This particular specimen measured about six feet long from head to tip of tail and was quite striking in the hot, late afternoon sun.  It was quite methodical, obviously looking for food and probably used to people gawking at it.  In some areas monitor lizards become pests because they will forage through garbage and even steal picnickers food if you let them.

 

Yellow-spotted Monitor - Varanus panoptes

 

Monitor lizards (Family Varanidae FYI) have very long, snake-like tongues that are used in a similar manner to a snake to sense or taste smells.  They have an organ called the Jacobson's organ in the roof of their mouth that allows them to sense chemicals through airborne particles that collect on their tongue as they flick it just as a snake does.  In essence they are tasting a smell...

 

Yellow-spotted Monitor - Varanus panoptes

 

While I was busily photographing this subject, Lynn had taken a short cut down stairs by taking the stairwell that was right next to our room (and I never saw) and as she was going around the building to find me encountered a second, smaller monitor walking right down the side walk!  I ran into her as I had taken just about every angle of picture I knew how to take and we watched as the smaller monitor wandered into an open field that kind of looked like a polo field, very flat and mowed.  About 50 yards away were a pair of Masked Lapwings and a chick.  We watched as the monitor lizard was repeatedly attacked by one Lapwing then the other and as we got a little closer, the Lapwings turned their attention on us!  The monitor took off back to the hotel grounds at high speed while I just about got my head knocked off by a frantic parent that was obviously trying to save his/her child from us!  I tried to get a photograph but got nothing but a blur of yellow and we thought it best not to stress out these protective parents too much and went the same route as the monitor back to the hotel.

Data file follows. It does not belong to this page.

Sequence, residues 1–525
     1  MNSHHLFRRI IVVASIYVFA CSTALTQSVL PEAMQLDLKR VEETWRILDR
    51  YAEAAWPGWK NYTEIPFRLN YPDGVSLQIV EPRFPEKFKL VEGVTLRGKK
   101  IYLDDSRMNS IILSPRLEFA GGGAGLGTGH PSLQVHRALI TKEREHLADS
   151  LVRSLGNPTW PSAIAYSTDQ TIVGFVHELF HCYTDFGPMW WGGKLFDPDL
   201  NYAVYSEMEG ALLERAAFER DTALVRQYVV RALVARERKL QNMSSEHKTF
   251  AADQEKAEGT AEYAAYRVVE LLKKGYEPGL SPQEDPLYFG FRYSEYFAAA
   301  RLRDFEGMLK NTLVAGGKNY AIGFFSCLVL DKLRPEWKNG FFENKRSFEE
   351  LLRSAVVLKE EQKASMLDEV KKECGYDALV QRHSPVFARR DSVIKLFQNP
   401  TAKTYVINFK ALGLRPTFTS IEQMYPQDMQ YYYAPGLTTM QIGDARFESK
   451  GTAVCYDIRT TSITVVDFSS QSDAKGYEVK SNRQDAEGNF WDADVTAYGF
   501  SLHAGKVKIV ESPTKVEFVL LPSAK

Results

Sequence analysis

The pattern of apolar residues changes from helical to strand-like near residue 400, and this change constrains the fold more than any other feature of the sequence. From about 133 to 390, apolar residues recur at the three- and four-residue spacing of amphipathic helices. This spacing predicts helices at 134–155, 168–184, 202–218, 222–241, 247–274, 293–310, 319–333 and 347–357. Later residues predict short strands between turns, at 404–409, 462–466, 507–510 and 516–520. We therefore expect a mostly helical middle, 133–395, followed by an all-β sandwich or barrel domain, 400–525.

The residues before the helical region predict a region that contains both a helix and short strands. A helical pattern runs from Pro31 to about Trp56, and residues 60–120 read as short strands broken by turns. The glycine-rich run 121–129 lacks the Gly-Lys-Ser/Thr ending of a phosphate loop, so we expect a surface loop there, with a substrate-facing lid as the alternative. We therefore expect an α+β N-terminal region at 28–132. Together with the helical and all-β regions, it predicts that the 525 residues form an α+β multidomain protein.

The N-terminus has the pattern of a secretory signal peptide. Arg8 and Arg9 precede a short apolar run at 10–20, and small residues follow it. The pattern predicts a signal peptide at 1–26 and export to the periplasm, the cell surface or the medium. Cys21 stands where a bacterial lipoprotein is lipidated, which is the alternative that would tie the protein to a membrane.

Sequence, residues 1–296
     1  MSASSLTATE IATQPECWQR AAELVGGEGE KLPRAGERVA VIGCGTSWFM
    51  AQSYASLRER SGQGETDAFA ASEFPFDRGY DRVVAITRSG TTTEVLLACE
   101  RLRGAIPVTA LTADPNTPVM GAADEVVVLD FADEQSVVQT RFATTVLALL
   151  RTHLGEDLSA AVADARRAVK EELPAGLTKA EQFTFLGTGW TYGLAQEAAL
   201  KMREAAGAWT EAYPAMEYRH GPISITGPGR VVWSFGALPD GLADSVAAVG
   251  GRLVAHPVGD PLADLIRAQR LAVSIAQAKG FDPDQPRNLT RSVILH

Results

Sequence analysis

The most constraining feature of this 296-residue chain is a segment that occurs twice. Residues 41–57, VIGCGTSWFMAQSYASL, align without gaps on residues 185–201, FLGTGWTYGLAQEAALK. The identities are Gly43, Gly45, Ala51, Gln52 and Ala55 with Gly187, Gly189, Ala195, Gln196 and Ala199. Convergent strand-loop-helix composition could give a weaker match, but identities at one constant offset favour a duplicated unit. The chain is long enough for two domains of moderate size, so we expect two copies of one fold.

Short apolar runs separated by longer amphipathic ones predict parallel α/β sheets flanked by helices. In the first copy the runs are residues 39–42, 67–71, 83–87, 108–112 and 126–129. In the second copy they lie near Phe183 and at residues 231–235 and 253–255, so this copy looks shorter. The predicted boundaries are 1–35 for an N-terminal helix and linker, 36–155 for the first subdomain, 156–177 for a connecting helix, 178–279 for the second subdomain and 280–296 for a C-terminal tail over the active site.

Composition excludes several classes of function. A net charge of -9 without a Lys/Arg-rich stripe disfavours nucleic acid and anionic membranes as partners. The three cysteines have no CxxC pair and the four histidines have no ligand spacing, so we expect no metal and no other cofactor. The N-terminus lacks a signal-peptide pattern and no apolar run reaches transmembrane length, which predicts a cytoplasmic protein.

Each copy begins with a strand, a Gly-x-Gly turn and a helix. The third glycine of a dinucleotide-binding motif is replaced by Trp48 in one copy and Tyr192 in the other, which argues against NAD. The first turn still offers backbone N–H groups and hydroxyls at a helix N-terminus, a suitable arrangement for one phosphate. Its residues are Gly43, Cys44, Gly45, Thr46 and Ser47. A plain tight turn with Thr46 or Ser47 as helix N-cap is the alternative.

Yellow-spotted Monitor - Varanus panoptes

 

As the sun was starting to set and we were now getting pretty tired and hungry we decided to call it a day as tomorrow was going to be our first outback excursion.  As I was walking back to the hotel entrance this Bar-shouldered Dove begged the last picture of the day.

 

Bar-shouldered Dove

 

 

 

 

CLICK HERE TO GO TO NEXT PAGE - FOGG DAM to KAKADU - Nov. 20th...

 

 

 



Home

What's New

Reptiles

Amphibians

Birds

Other Wildlife

Flowers & Plants

FAVORITES

Bird Life List

Herp Life List

Trip Reports

LOCATIONS

Recent Images

PHOTO INDEX

About Us

Lynn's Pages

Other Links

My Library

Guestbook

SALE and USE

e-mail me